The same considerations obviously apply in this instance as in the case of the Saving Fund Societies. Since appellee must pay for whatever expense is incurred by the State in its examinations and investigations of the affairs of the company, and this in addition to the fee of $100 annually for each of the company's places of business, which in itself is a substantial and not a mere nominal charge, it would seem clear that the sums thus paid are in the nature of true license fees, and therefore that this appellee is exempt from liability under the City's ordinance imposing the mercantile license tax.
Household Consumer Discount Company, appellee in No. 215 January Term 1953, a subsidiary of Household Finance Corporation, is a domestic corporation engaged in the business of making loans up to $2,000 under the Consumer Discount Company Act of April 8, 1937, P.L. 262, as amended; it has likewise 57 places of business in Pennsylvania including 14 in the City of Philadelphia. The act provides that the Secretary of Banking may at any time investigate the business and affairs of such companies and examine their books and records. In order to transact its business, appellee must obtain a license from the Secretary of Banking, for which it must pay an annual license fee of $100 for each place of business conducted by it. The act provides that all license fees received must be deposited in the State Treasury to the credit of the Banking Department Fund for the use of the Secretary of Banking in administering the act.
[ 374 Pa. Page 625]
The cost of every examination of the company's business must be paid by the licensee so examined. The case of this appellee, therefore, is in every respect identical with that of Household Finance Corporation, and it is therefore similarly exempt from liability under the City's mercantile license tax ordinance.
Gerald W. Caner, et al., appellants in No. 219 January Term 1953, representing themselves and all other dealers in securities and investment advisers registered under the Pennsylvania Securities Act, and all other members of the Eastern Pennsylvania Group of the Investment Bankers Association of America similarly situated, are engaged in the business of dealing in securities and acting as investment advisers, and are duly licensed as such under the Act of June 24, 1939, P.L. 748, as reenacted and amended. The title of that act states, inter alia, that it is to provide for the registration and regulation of persons in the business of selling and buying securities or advising others as to the value of securities. It provides that dealers and their salesmen, and also investment advisers, must be registered annually in order to permit them to transact their business. There are provisions forbidding certain practices on the part of dealers, their salesmen, and investment advisers. The administration of the provisions of the act is vested in the Pennsylvania Securities Commission, upon whom the duty is imposed to see that the provisions of the act are at all times properly administered and obeyed, and to take such measures and make such investigations as in its opinion will or may detect the violation of any such provisions. The Commission is authorized, after hearing, to revoke the registration of any dealer, salesman or investment adviser if it has reason to believe that the law has been or is about to be violated, or if the dealer, salesman or investment adviser has been guilty of any fraud or fraudulent practice,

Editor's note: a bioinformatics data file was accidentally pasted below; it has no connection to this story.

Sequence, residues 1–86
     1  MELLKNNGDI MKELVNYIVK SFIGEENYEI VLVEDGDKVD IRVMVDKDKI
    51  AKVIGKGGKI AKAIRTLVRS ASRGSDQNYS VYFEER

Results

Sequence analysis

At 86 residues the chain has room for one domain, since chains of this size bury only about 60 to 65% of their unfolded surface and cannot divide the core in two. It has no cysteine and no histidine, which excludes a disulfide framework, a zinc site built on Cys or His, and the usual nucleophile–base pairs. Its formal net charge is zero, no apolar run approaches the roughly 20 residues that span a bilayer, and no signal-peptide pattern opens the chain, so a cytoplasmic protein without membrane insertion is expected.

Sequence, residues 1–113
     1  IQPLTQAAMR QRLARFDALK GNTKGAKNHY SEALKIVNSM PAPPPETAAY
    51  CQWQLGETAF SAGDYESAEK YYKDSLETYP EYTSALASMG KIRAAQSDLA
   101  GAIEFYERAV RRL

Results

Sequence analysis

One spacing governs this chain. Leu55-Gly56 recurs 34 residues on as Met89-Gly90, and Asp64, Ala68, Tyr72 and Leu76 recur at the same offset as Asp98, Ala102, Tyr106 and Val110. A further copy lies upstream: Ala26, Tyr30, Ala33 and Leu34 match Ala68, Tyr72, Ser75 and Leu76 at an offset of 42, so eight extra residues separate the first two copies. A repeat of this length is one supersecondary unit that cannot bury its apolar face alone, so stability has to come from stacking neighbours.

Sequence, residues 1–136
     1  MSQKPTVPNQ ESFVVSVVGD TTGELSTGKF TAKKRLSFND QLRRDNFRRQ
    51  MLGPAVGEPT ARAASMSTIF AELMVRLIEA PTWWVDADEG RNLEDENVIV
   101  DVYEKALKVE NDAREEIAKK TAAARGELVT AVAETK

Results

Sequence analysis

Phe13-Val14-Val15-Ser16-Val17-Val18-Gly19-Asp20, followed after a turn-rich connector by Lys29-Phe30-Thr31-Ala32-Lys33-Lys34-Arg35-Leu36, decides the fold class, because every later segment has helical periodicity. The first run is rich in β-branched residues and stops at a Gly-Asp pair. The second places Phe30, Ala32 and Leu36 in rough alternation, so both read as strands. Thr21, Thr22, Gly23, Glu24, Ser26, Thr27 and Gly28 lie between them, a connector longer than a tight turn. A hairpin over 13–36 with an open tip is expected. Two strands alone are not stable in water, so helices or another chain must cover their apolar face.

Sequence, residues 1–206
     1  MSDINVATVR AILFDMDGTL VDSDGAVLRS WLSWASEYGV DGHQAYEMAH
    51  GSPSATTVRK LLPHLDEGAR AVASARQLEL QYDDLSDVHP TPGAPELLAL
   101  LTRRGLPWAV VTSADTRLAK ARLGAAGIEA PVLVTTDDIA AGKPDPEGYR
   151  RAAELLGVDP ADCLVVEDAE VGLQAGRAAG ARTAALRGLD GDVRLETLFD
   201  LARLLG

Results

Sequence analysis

[ 374 Pa. Page 626]
or if the Commission has reason to believe that any registered dealer or investment adviser has become of bad repute, that his plan of business has become unfair, unjust or inequitable, that it is being conducted in an unfair, unjust or equitable manner, or that he has become of insufficient financial responsibility to deal with the public. The Commission may at any time make examinations of the books, securities and records of any dealer or investment adviser. The Commission is directed to charge as fees the sum of $10 for the filing of applications for licenses, -- evidently a charge merely for the clerical service -- $60 for each registration certificate of a dealer or investment adviser, and $15 for each registration certificate of a salesman. In accordance with that schedule appellants, who employ 29 salesmen, paid to the Commission in the year 1952 the sum of $660.